Occupational Diseases, A Guide to Their Recognition, Revised Edition. Key MM, Henschel AF, Butler J, Ligs RN, Tabershaw IR, eds., Cincinnati, OH: National Institute for Occupational Safety and Health, 1977 Jun; :125-128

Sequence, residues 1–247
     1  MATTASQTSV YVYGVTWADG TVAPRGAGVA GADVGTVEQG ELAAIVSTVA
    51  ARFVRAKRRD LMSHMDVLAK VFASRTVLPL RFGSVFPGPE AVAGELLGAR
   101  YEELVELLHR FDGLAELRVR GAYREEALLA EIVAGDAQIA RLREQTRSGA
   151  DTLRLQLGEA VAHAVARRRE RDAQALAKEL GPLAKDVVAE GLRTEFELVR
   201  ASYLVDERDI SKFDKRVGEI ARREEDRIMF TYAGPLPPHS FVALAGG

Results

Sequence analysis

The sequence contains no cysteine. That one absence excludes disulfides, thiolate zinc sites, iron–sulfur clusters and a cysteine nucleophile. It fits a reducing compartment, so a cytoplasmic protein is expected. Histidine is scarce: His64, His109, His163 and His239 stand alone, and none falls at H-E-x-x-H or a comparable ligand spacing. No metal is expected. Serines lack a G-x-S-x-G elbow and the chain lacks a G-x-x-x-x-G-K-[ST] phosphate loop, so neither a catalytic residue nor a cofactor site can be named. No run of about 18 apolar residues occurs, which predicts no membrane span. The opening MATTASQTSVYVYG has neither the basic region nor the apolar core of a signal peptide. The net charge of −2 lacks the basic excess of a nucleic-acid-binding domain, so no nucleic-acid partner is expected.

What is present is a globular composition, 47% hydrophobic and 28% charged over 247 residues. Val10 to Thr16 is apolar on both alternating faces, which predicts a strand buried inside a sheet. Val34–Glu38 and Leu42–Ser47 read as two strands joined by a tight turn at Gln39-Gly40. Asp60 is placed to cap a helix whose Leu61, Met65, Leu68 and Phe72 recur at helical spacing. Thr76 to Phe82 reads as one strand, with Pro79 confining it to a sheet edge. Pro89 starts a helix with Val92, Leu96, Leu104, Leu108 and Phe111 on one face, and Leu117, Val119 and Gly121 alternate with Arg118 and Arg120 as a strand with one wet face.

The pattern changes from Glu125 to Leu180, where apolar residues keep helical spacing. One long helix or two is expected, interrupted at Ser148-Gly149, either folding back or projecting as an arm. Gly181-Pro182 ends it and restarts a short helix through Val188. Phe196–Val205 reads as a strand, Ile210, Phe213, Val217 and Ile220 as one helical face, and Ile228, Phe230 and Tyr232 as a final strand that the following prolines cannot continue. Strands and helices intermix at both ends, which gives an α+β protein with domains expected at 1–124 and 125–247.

Occupational hazards of wood and plants are discussed. Dermatitis, asthma, hay fever, irritations, toxicity, and allergic responses are some of the local and systemic manifestations of problems arising from occupational exposures to plants, plant products and woods. The handling of fruits and vegetables, including carrots, asparagus, and some citrus fruits has been documented to cause contact dermatitis. Contact with plant juices and exposure to sunlight causes a delayed photosensitization to occur. English-ivy and castor-bean plants cause allergic contact dermatitis. Primrose, chrysanthemum, poinsettia, and bulbs of hyacinth, narcissus, and tulips can cause allergic dermatitis. Eczematous dermatitis results from the lipid fraction of ragweed pollen. Castor-bean processors frequently experience hay fever, asthma, and urticaria resulting from a potent allergen in the dried pomace remaining after extraction of the castor oil. Use of the pomace for fertilizer may cause similar problems for dock workers and farmers. Women who split paprika fruit and inhale spores and mycelia of a mold growing in the fruit present with paprika sorter's disease. Coughing, wheezing, breathlessness, dermatitis, and grain fever result from exposure to grain dusts. Weakness, nausea, and vomiting occur in tobacco croppers. Toxins present in wood are usually alkaloids and may cause headache, anorexia, nausea, vomiting, bradycardia, dyspnea, or somnolence. Irritant woods include mansonia, dahoma, and cocobolo. Other woods which are allergenic, included birch, pine, dogwood, beech, mahogany, mulberry, and myrtle. Nasal cancer has been linked to the inhalation of fine dusts from wood, especially hard wood dust. An allergic response to western-red- cedar is seen among furniture workers.